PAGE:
You want to buy the best beef for you and your family but sometimes the meat case can be confusing! Appearance, grade, selecting the right cut for the right cooking method and how much to buy are all important factors. Here are a few tips that make selecting the best beef easy.
- Select beef with a bright, cherry-red color. The exception is vacuum-packaged beef. Beef that is vacuum-packaged appears a dark, purplish-color because all the air has been removed from the package. When the package is opened and the product is exposed to air, the beef will turn a bright red color. This also explains why the center of raw ground beef is sometimes darker than the outside. The outside is exposed to air while the inside is starved for it.
- Look for beef that is firm to the touch, not soft.
- Make sure the package is cold and has no tears.
- Choose packages without excessive liquid.
- For highest quality, purchase beef before the sell-by date.
Grading is an indication of tenderness, juiciness and flavor. It is based on the amount of marbling (flecks of fat in the lean) and the age of the animal. The higher the grade, the more tender, juicy and flavorful the cut should be.
There are eight quality grades for beef, although only the top three are usually identified and sold at retail: Prime, Choice and Select.
Prime - The highest grade in the U.S. meat grading system. Prime has the most marbling and is produced in limited quantities. Prime beef is most commonly sold in fine restaurants, specialty meat markets and is exported to upscale restaurants in foreign countries.
Choice - Choice has less marbling than Prime but more than Select. It is typically found in the service meat case at your local grocery store.
Select - Select has the least amount of marbling of the top three grades, making it leaner but possibly less tender, juicy or flavorful than Prime or Choice. Select is most commonly found in the self-service meat case at your local grocery store.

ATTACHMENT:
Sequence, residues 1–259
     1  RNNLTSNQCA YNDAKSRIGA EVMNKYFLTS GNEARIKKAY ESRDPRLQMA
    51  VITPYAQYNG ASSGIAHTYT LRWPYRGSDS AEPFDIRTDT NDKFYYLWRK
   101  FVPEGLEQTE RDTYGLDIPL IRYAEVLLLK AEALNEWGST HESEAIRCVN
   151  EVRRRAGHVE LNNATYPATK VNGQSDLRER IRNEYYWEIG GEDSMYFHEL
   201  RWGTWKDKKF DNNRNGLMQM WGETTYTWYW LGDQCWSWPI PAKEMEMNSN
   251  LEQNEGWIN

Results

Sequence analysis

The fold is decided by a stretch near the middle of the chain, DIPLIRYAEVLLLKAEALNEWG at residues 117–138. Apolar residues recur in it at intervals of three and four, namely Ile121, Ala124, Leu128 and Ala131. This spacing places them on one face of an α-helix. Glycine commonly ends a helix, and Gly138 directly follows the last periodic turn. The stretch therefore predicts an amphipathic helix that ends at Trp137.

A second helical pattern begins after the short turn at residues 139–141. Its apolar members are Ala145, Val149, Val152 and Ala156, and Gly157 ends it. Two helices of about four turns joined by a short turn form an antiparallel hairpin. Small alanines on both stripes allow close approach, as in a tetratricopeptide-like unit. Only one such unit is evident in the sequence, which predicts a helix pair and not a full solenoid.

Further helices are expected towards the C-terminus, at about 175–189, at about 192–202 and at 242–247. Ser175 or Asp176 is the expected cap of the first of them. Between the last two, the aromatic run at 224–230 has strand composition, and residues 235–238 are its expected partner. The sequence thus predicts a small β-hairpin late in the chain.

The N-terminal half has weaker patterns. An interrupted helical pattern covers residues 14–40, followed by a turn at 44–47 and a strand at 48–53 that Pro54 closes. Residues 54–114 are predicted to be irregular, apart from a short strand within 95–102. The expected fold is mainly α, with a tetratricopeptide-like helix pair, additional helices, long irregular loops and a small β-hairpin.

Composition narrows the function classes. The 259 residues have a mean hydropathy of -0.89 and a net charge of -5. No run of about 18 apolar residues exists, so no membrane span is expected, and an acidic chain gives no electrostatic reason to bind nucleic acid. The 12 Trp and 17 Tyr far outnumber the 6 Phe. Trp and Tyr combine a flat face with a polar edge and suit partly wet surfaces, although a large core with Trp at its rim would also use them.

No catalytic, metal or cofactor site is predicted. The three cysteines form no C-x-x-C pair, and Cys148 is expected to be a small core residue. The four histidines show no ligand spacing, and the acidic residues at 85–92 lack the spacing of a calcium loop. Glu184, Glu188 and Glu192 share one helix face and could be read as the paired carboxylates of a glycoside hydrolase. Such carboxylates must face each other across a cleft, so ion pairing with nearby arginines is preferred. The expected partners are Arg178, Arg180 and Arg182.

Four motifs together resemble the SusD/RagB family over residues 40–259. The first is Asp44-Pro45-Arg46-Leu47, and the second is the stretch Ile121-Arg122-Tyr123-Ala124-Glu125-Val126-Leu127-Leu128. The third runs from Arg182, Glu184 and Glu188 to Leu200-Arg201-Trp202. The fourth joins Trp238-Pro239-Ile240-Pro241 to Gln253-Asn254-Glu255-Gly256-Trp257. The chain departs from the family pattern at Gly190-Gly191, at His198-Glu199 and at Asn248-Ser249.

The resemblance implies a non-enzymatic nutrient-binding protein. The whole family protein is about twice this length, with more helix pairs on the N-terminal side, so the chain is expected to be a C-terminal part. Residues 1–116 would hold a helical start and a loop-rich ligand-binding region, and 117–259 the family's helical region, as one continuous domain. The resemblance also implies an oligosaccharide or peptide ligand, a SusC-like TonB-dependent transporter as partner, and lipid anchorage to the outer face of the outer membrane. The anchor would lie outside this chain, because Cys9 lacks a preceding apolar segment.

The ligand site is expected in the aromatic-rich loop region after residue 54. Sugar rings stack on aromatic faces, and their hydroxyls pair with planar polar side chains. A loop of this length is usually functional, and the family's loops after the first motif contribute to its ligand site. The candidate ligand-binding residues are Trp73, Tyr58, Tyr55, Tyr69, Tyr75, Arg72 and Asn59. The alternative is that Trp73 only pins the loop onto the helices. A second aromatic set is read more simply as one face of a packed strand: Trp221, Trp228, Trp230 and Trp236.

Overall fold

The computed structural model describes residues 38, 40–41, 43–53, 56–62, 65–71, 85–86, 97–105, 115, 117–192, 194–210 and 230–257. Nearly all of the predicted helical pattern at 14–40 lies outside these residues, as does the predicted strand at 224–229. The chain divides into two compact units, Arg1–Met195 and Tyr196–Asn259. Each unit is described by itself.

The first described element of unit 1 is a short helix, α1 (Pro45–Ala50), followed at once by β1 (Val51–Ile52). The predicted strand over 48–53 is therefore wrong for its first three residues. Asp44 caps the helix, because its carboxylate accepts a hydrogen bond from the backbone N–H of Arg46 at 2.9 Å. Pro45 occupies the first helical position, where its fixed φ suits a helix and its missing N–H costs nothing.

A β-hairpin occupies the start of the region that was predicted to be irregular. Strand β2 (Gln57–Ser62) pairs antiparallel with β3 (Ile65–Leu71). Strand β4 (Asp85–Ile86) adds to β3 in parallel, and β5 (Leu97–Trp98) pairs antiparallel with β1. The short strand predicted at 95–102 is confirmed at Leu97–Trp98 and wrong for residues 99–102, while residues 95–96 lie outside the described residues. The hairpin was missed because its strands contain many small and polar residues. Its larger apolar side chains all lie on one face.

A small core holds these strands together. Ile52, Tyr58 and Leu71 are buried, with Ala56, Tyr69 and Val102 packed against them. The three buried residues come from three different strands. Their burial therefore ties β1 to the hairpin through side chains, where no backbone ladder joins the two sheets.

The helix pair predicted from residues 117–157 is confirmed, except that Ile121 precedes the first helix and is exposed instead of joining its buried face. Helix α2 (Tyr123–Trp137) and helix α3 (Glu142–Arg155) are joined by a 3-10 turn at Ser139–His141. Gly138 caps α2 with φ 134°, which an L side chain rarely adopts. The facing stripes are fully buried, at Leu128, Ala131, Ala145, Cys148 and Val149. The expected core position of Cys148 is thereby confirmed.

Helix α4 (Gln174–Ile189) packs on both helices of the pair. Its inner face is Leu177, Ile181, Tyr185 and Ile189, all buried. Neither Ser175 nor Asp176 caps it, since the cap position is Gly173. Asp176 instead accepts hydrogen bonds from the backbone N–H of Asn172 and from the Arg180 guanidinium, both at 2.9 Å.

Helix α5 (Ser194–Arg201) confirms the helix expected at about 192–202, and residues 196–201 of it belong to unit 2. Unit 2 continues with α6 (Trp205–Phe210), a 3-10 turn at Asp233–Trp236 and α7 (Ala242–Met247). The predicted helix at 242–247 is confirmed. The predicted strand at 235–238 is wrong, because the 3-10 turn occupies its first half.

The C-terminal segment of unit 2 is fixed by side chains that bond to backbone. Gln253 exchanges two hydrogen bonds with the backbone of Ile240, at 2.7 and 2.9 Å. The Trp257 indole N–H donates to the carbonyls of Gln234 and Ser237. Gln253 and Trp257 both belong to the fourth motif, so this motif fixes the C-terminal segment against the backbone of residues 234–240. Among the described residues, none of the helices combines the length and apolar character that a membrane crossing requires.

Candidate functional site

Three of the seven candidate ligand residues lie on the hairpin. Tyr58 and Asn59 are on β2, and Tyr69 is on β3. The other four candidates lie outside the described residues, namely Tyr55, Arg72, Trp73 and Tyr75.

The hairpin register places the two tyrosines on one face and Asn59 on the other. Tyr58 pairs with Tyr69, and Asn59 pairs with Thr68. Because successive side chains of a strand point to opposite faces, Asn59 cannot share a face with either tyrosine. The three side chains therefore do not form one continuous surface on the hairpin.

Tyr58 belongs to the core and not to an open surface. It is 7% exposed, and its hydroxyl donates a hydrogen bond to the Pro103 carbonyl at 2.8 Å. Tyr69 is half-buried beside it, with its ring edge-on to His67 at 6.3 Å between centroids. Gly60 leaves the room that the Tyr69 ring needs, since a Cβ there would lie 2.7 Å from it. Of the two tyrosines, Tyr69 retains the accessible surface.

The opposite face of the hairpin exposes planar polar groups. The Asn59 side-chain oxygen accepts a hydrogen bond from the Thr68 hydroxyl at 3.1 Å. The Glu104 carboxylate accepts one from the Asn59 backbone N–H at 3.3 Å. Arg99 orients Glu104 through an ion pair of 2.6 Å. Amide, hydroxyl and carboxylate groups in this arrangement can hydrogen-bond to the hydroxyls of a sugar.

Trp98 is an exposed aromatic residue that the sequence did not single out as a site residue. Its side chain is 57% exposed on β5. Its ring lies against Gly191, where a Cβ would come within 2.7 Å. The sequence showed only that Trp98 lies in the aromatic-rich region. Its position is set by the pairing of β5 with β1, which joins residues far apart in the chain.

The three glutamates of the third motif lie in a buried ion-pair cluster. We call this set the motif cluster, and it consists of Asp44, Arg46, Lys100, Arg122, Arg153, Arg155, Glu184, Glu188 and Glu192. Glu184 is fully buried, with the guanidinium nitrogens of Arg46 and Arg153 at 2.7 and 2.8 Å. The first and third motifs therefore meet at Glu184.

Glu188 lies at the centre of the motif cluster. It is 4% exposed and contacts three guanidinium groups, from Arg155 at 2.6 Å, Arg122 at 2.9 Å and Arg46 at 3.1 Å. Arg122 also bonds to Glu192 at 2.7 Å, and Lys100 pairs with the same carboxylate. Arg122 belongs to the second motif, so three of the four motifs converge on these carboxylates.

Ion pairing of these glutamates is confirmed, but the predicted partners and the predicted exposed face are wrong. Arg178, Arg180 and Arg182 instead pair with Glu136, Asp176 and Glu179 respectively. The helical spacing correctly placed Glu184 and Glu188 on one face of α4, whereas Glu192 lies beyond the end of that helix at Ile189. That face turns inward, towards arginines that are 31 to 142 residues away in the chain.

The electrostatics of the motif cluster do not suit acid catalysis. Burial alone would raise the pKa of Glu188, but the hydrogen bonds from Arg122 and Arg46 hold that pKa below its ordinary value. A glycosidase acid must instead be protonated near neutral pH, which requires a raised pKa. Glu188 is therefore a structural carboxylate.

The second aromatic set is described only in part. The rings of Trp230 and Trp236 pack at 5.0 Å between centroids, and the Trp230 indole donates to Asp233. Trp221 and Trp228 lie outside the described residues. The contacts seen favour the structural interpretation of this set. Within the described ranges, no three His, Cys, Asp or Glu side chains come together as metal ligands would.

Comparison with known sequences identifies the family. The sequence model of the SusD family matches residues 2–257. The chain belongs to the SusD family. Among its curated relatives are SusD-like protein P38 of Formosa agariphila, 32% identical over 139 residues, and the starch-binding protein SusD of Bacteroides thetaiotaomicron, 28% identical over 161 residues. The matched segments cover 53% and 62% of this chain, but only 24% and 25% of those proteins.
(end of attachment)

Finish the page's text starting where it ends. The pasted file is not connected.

Quality Grades are excellent keys in determining the eating satisfaction of middle meats - T-bones, ribeyes, tenderloin. The higher the grade, the higher the chance that the steak will be perfect. When it comes to end meats - the chuck and the round cuts - quality grade is not as meaningful. In other words, purchasing a Select brisket generally will provide as much eating satisfaction as a Choice brisket if both are cooked the right way. That's because proper cooking methods can equalize these end meats regardless of quality grade. This tip means you can buy Select roasts, briskets, and round steaks and get great eating satisfaction at lower costs simply by knowing how to prepare them properly.
Cuts of Beef
There are more than sixty different beef cuts in the meat case today. In fact, many of these cuts have several different names which can make the meat case very confusing. For example, did you know that a Kansas City Steak is also known as a New York Strip or a Top Loin Steak? To ease any confusion, this area of our website provides information on several beef cuts. Click an area below to view photos, common names, cooking recommendations, recipe links and more for cuts from each area. You can also use the search field below to search for information on a particular cut.
According to the USDA Food Guide Pyramid, a serving size of beef is three ounces, cooked and trimmed. This equates to a deck of cards. When determining the amount of beef to purchase for a meal, you can estimate the amount needed based upon this serving size suggestion. The following chart estimates servings per pound, based on a three-ounce portion.
How Much to Buy
|Beef Cut||Servings/Pound |
(3 ounces cooked trimmed)
|Steaks||Chuck Top Blade||3|
|Steaks||Rib, Ribeye||2½, 3|
|Steaks||Tenderloin, Top Loin, boneless||3½, 4|
|Steaks||Top Sirloin, boneless||3½, 4|
|Steaks||Top Round, Round Tip||3½, 4|
|Roasts||Ribeye||3 to 3½|
|Roasts||Eye Round, Round Tip, Tri-Tip||3½ to 4|
|Pot Roasts||Arm, Blade, Shoulder, boneless||2½ to 3|
|Pot Roasts||Brisket||2½ to 3|
|Other||Beef for Stew||2½ to 3|
|Other||Short Ribs||1½ to 2½|
For example, 1 pound of flank steak will yield 4, 3-ounce cooked portions.